A cable is a single-core or multi-core electrical conductor or optical fiber surrounded by an insulating material. This rough classification already shows that cables can transmit electrical or also optical signals, the latter being optical fibers. Cables are used as transmission media for the transfer of information, for data and control signals, for low frequency, high frequency and microwaves, for power transmission of supply voltages and for many other purposes.
The diversity of the cable structure
The transmission concept and the application determine the cable construction. Cables for low frequencies are designed differently from those for high frequencies, those for power transmission differently from those for very small signals, those for outdoor use differently from indoor cables, those for data transmission differently from those for control signals, and those for underground installation differently from submarine cables.
Generally, metallic cables have one or more inner conductors surrounded by an insulating material. To protect against electromagnetic radiation, there is a shield above the insulating layer, and the cable sheath above that. Optical waveguides are often constructed as bundledconductors comprising several glass fibers. In the middle of such a cable there is a metal-free support element. Above the loose tubes is a reinforcement of glass yarn and above that is the cable sheath.
In a rough classification, cables can be divided into symmetrical and asymmetrical. Symmetrical cables have one or more pairs of wires, each of which is twisted against the other. These TP cables used in network technology, which stands for twisted pair, can contain two, four or even more pairs of wires.
Unbalanced cables have a concentric structure. In these cables, the inner conductor is surrounded by an insulating material, the dielectric. Above this is the shielding and above this is the cable sheath. High-frequency cables with high RF density can have multiple layers of different shielding. The best known asymmetrical cables are the coaxial cables. In addition, there are various constructive deviations from the two cable types used in data communication and telecommunications, such as the star quad in the case of balanced cables or the twinaxial cable in the case of unbalanced cables.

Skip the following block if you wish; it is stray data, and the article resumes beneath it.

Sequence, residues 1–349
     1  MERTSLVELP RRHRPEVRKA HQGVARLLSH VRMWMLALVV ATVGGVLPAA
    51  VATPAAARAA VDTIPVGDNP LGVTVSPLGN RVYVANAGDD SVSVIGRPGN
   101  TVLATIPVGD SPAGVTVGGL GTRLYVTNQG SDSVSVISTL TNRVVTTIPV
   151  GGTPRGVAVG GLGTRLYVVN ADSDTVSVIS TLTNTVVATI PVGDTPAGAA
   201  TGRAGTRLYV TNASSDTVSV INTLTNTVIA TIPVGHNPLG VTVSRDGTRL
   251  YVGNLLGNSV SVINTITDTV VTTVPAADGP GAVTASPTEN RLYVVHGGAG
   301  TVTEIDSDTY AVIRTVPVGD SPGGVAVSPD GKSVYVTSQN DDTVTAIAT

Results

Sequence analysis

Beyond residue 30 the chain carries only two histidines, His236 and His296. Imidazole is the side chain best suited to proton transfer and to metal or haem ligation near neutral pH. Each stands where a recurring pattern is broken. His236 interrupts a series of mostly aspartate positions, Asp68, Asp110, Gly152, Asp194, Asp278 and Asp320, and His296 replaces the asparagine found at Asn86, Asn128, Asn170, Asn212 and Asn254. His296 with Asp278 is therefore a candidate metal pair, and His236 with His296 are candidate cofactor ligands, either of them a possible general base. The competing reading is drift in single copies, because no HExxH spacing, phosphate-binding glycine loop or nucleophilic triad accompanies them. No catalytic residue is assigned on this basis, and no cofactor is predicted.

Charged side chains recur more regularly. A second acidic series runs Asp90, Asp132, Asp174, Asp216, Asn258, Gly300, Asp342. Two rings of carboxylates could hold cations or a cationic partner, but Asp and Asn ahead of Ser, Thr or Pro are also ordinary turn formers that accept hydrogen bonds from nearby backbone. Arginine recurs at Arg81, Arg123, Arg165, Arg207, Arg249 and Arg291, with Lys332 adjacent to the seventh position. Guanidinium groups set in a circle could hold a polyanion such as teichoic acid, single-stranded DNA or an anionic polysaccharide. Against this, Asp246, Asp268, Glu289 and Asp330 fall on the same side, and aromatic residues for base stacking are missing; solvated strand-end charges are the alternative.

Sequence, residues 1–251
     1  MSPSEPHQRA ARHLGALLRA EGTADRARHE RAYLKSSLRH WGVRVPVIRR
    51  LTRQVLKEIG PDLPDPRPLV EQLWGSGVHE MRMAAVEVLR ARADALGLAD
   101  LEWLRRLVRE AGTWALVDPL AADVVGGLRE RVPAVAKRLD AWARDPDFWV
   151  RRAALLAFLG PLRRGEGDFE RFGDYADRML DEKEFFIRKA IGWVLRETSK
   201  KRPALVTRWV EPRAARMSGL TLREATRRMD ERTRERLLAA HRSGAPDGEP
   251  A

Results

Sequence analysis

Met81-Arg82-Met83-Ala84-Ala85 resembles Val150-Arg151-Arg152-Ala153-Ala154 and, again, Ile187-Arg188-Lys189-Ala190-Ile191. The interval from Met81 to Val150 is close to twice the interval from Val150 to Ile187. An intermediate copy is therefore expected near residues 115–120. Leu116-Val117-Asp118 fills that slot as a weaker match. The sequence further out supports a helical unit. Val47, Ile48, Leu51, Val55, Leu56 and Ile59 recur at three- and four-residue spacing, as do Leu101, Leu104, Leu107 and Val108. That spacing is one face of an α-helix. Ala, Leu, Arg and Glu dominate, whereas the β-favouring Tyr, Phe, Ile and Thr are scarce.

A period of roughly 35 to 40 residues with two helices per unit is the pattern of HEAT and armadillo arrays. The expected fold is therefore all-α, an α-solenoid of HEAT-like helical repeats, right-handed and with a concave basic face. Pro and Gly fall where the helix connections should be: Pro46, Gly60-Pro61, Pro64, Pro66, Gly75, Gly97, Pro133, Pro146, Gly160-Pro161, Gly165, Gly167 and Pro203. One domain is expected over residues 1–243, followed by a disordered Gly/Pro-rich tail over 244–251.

The most important cable characteristics
Cables should transmit signals in such a way that they correspond as far as possible at the cable end to those at the cable input, in their signal form and can be used for further processing. This requires that the cable properties do not change with the cable length. Their cable characteristics therefore depend on the application and thus on the cable structure.
Symmetrical cables have been used for data transmission for several decades. These are high-technology cables that can transmit several hundred megabits per second. Important characteristic values of STP, FTP and UTP cables are the attenuation and the transmittable data rate, others refer to the mutual interference of the wire pairs: to crosstalk, cross-talk, attenuation-to-crosstalk ratio( ACR), near end crosstalk ( NEXT), far end crosstalk( FEXT), equal level far end crosstalk ( ELFEXT), powersum FEXT ( PSFEXT) and some others. The cable impedance is specified, but it is not decisive.
The situation is different for unbalanced cables. The most important cable parameters are impedance and bandwidth. Matching the cable impedance to the connected circuits is extremely important, since a mismatch leads to reflections and thus to changes in level and signal. In addition to these cable parameters, attenuation and return loss must be mentioned, as well as characteristic values related to shielding. Thus the coverage, the shielding factor, the coupling resistance and the transfer impedance.